Missouri Gov. Eric Greitens talks successes, dodges questions over nonprofit group

Posted at 7:42 PM, May 12, 2017
and last updated 2017-05-12 23:37:09-04

Gov. Eric Greitens held his second statehouse press conference since taking office on Friday; the same day the Missouri General Assembly ended its 2017 session.

Greitens used the occasion to tout his successes during his first four months, notably making Missouri a right-to-work state.

"Conservatives have been trying to enact right-to-work for 40 years. We got it done in six weeks," he explained. "We had to fight a corrupt system that was forcing people to pay union dues just so they could keep a job."

Greitens began the meeting focusing on ethics reform in Missouri and brought attention to changes he's made while in office.

"For the first time in Missouri history, I signed a complete ban on lobbyist gifts to the executive branch," the governor said. "For the first time in Missouri history, no lobbyist can ever give a gift to me or anyone who's in my administration."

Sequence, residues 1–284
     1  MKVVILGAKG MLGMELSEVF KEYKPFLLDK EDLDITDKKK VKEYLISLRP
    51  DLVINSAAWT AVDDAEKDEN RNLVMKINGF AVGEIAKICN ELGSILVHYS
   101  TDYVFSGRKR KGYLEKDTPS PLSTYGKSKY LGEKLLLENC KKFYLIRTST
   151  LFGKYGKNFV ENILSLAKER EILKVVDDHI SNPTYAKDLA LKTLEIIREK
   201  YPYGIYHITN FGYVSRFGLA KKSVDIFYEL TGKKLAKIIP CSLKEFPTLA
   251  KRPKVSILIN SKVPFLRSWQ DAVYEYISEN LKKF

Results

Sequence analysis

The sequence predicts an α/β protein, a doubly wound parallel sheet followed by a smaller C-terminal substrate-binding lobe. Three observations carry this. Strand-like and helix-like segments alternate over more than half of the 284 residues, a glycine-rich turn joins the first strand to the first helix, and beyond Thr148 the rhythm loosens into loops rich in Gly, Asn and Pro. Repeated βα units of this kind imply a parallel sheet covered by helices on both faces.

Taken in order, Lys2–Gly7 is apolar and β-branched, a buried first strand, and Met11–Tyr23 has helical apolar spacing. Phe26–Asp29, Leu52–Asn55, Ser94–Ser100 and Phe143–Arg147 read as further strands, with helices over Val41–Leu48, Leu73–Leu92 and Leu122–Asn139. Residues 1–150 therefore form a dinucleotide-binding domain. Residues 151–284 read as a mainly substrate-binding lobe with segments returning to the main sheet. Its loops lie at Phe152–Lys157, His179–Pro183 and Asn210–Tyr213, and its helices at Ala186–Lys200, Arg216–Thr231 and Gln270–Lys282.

The governor added he will call on the General Assembly to implement term limits for state leaders.

Watch the full news conference below: 

Greitens also brought up his administration's responses to natural disasters in the state, like the Oak Grove tornado in March, and providing resources and crews to help people impacted.

"As a Navy SEAL, we always prepared for the hardest missions," he said. "I want to tell you that our team was prepared and ready and they worked hard to keep people safe."

Despite the mentions of victories during his term, Greitens could not escape questions over controversies facing his team.

Reporters pressed the governor on his involvement with New Missouri Inc., a nonprofit linked to Greitens as a way to further his agenda.

"I was very clear, sir...I have no day-to-day responsibilities," said Greitens when responding to a reporter's question about the group.

Greitens concluded the press conference hinting at calling a special session for the General Assembly as a way to push forward on issues with the Republican-controlled Missouri House and Senate.

"We're going to keep fighting for the people of Missouri," he explained. "For a lot of these politicians, round two is going to start sooner than they think."